Repairing and upgrading versus buying new IT hardware

Repairing and upgrading existing IT hardware versus buying new?

In times of financial austerity for individuals, organisations and the public sector, we are all looking at ways of making cost savings and stretching our budgets further. When it comes to decisions on repairing or upgrading existing IT hardware we can have some tough choices to make.

It seems like new systems are brought out almost every quarter by the big computer companies such as Dell, Apple, Compaq and Lenovo and keeping up with technological advances can feel like a losing battle. Ask yourself if you actually need these latest systems, and if they will improve your capabilities to a level that warrants spending a chunk of you or your organisations hard earned money on them? Can you just upgrade or repair where needed?

If your system is not broken, the most frequent issue that people experience is a slow running machine. This problem can be encountered for many reasons such as an inadequate hard drive or system memory, unused programs running on your system; and overheating hardware. All of these issues can be fixed at a relatively low cost.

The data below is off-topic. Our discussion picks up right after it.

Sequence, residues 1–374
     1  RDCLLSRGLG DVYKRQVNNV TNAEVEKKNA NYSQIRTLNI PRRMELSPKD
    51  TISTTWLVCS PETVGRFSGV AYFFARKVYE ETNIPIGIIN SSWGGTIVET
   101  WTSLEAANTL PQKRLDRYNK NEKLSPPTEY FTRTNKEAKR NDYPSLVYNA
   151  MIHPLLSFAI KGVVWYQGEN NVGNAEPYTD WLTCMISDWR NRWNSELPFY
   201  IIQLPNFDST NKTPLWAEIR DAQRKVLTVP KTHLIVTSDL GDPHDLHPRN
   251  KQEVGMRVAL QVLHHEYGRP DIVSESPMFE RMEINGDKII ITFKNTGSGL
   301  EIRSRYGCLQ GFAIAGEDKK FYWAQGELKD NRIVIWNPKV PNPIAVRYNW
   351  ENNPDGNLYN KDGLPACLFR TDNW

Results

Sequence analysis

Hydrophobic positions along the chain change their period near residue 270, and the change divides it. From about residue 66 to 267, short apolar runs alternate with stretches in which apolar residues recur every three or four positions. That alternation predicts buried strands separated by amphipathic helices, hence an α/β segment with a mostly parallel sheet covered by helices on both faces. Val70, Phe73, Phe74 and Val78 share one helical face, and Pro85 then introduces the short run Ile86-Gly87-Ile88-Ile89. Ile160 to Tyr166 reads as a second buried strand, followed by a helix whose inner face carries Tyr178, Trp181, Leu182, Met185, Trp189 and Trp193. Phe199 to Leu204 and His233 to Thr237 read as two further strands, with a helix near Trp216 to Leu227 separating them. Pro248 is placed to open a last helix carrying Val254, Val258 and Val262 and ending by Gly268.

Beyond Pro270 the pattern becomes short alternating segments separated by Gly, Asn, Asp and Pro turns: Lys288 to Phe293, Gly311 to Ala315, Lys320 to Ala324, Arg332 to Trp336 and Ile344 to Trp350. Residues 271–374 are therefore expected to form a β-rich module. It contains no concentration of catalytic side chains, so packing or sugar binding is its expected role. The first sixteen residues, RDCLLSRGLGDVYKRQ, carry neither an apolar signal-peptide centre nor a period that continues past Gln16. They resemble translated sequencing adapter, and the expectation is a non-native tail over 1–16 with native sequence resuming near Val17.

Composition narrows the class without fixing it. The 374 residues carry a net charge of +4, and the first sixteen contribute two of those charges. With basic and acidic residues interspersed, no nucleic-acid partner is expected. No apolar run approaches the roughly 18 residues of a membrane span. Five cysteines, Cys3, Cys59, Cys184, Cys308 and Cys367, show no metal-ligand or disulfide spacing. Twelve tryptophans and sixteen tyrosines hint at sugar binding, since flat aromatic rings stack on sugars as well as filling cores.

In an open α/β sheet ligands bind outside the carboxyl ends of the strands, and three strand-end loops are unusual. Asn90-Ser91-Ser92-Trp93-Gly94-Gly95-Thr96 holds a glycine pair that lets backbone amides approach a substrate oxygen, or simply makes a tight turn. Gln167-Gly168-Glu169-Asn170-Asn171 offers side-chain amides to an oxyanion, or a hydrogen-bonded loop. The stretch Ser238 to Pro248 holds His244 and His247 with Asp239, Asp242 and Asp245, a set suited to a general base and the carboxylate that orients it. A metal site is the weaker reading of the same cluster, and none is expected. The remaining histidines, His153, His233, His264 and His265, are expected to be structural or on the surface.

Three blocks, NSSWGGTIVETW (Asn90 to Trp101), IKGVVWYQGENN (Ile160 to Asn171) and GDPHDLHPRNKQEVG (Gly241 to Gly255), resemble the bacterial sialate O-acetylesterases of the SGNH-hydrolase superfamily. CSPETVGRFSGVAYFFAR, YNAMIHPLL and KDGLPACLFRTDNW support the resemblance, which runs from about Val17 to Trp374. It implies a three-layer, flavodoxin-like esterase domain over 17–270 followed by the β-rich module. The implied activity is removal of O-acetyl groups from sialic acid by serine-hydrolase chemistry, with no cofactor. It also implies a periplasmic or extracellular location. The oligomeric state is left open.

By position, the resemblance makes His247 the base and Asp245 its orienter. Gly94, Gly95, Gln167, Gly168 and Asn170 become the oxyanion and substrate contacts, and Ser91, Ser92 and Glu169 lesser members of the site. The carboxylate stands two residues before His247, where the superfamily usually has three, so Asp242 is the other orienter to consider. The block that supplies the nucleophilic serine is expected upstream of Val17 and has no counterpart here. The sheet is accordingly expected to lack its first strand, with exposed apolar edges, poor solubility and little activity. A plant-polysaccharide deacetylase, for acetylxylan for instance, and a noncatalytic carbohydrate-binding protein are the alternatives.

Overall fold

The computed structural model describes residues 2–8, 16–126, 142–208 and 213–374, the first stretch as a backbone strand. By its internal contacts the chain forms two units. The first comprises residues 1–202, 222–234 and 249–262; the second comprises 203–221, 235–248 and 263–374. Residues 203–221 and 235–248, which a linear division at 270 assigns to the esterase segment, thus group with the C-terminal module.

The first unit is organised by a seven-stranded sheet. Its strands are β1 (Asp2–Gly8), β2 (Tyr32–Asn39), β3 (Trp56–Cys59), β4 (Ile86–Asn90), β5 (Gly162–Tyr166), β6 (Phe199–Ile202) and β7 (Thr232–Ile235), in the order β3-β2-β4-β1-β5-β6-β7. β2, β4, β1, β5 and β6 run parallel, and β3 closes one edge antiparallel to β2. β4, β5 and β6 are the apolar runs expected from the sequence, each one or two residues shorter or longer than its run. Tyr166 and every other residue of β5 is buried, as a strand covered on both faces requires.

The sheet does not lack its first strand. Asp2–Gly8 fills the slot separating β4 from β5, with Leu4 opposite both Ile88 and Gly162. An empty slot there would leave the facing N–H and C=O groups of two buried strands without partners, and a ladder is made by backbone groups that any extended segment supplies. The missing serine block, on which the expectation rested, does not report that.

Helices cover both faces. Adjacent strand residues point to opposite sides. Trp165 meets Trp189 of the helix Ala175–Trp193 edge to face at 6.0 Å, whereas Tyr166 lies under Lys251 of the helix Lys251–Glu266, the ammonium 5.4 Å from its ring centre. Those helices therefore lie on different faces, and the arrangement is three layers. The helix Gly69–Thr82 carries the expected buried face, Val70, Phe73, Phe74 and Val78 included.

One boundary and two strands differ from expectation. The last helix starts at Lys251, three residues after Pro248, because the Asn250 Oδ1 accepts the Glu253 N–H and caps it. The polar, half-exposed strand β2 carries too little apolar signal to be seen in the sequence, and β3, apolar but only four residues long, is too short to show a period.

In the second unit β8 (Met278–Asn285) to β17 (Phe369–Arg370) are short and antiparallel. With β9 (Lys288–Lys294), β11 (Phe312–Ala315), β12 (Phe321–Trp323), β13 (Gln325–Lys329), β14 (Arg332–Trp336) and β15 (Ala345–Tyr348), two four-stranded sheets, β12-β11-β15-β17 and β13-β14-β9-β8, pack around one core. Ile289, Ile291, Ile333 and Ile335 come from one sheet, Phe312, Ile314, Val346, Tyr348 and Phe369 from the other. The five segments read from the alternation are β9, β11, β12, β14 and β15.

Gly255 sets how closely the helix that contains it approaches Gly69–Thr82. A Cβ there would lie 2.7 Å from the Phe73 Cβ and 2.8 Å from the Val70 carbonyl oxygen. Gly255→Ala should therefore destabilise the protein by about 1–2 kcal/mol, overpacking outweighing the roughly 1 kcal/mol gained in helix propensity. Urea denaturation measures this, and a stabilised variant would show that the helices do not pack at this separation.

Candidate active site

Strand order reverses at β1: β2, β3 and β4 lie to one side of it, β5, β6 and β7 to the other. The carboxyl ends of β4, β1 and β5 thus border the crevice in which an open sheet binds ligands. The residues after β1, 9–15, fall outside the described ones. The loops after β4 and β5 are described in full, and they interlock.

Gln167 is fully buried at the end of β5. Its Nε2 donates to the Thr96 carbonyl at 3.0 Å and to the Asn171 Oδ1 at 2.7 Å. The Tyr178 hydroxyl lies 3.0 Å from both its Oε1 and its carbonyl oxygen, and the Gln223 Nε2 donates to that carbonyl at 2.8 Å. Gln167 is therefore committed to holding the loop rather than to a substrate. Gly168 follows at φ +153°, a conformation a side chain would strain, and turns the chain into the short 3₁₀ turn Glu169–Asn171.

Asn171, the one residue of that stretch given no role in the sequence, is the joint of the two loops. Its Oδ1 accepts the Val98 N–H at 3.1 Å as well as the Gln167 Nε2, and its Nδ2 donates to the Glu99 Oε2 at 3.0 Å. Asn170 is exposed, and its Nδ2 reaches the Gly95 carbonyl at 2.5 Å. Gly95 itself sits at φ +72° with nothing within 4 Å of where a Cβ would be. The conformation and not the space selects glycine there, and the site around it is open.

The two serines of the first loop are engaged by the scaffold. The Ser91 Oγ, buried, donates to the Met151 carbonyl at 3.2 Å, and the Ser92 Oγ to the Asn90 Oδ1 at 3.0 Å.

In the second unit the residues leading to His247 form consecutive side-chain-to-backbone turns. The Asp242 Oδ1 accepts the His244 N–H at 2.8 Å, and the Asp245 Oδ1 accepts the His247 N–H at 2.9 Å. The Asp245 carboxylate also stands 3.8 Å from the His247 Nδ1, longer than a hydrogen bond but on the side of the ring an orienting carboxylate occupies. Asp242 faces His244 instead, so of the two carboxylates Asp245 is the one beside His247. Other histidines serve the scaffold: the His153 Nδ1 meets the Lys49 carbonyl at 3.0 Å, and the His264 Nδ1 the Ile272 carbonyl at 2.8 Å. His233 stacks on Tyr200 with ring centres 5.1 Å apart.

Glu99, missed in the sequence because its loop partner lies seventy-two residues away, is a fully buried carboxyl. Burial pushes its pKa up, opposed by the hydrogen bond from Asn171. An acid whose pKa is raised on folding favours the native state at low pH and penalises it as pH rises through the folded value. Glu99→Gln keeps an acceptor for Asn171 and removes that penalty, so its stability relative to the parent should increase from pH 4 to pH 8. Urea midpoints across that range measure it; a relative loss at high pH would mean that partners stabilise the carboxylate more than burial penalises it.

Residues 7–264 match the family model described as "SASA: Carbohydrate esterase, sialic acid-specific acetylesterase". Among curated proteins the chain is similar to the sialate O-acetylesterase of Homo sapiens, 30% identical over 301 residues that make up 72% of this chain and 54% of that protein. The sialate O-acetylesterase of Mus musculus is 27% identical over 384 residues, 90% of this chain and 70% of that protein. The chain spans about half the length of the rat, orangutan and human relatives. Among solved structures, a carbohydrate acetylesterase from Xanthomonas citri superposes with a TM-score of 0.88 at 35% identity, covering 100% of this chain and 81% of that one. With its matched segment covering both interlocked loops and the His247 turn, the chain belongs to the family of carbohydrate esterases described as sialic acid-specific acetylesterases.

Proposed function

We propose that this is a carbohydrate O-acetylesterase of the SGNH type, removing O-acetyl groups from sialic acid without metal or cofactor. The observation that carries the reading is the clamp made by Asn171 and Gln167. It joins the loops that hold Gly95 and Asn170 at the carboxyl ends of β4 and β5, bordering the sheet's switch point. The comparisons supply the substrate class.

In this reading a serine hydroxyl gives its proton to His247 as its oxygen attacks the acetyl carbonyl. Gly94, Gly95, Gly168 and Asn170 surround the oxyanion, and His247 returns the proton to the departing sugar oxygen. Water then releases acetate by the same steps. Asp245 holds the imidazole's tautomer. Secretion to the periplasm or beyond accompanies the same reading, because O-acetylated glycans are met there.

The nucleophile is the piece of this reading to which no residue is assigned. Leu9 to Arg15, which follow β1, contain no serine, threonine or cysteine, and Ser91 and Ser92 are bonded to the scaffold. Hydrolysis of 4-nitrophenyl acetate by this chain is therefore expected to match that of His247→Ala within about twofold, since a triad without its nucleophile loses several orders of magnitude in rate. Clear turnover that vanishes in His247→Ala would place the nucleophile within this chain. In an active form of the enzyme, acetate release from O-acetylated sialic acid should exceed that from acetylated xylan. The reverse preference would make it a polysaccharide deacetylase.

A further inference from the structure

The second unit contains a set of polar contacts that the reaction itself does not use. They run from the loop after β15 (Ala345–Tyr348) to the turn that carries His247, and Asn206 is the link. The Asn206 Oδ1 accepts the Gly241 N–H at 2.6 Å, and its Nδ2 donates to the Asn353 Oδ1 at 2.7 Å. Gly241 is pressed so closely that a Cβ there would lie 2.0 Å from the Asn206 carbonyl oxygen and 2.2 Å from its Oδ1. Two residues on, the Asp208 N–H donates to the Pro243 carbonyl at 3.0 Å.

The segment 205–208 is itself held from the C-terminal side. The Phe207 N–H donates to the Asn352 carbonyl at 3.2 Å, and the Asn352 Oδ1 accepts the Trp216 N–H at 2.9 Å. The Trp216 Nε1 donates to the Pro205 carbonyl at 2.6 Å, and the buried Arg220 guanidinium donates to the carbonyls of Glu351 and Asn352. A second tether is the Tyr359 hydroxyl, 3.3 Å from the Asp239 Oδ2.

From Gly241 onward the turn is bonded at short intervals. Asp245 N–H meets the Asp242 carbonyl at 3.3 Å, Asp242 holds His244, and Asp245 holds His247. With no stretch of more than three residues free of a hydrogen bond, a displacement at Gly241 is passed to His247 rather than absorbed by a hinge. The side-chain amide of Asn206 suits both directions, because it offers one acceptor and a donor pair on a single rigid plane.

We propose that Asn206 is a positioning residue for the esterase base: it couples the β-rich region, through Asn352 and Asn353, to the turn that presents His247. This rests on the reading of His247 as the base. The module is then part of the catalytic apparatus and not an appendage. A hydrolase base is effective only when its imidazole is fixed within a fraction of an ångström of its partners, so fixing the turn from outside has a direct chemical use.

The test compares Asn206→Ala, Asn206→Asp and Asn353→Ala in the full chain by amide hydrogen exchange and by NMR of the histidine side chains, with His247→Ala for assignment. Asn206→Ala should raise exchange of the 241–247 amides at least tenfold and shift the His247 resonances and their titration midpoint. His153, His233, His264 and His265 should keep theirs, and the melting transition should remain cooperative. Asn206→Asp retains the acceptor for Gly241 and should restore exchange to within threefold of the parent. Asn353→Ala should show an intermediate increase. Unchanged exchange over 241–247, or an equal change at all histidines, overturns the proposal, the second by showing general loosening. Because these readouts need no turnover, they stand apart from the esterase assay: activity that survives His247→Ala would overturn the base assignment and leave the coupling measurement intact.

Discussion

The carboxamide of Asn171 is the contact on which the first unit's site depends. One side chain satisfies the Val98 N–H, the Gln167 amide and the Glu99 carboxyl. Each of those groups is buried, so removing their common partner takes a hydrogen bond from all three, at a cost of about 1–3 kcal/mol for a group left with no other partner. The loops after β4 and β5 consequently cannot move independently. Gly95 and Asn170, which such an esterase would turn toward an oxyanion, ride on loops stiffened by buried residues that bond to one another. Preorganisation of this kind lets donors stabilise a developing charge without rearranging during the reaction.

To help you ascertain what area of your system is under performing, Windows includes a number of performance-monitoring tools. You can run these before and after making changes to observe how well they have worked.

If it is your hard drive that is underperforming, check how much of your hard drive is being used (Go to: This PC/My Computer - Right click on ‘C:’ - Properties). Anything over ~80% will make your system run slowly. This can be remedied by buying a new “solid-state” hard drive, or a larger compatible hard drive for your system. It is hard to tell unfortunately if your existing hard drive is failing altogether (although a tell-tale sign is if you’re hard drive starts making noises – Usually a clicking sound). Running a hard drive diagnostics tool can give you a good indication. You could also consider buying an external hard drive to back up and remove from your existing machine any large quantities of files, pictures or videos. With many of the recent advances pushing organisations and individuals towards ‘Cloud’ based back-ups, you could perhaps think about investing some of your budget in the relatively inexpensive monthly cost of ‘Google Drive’, whereby removing all non-essential files from your machine will free up space and enhance performance, as well as giving you the ability to share files across multiple devices.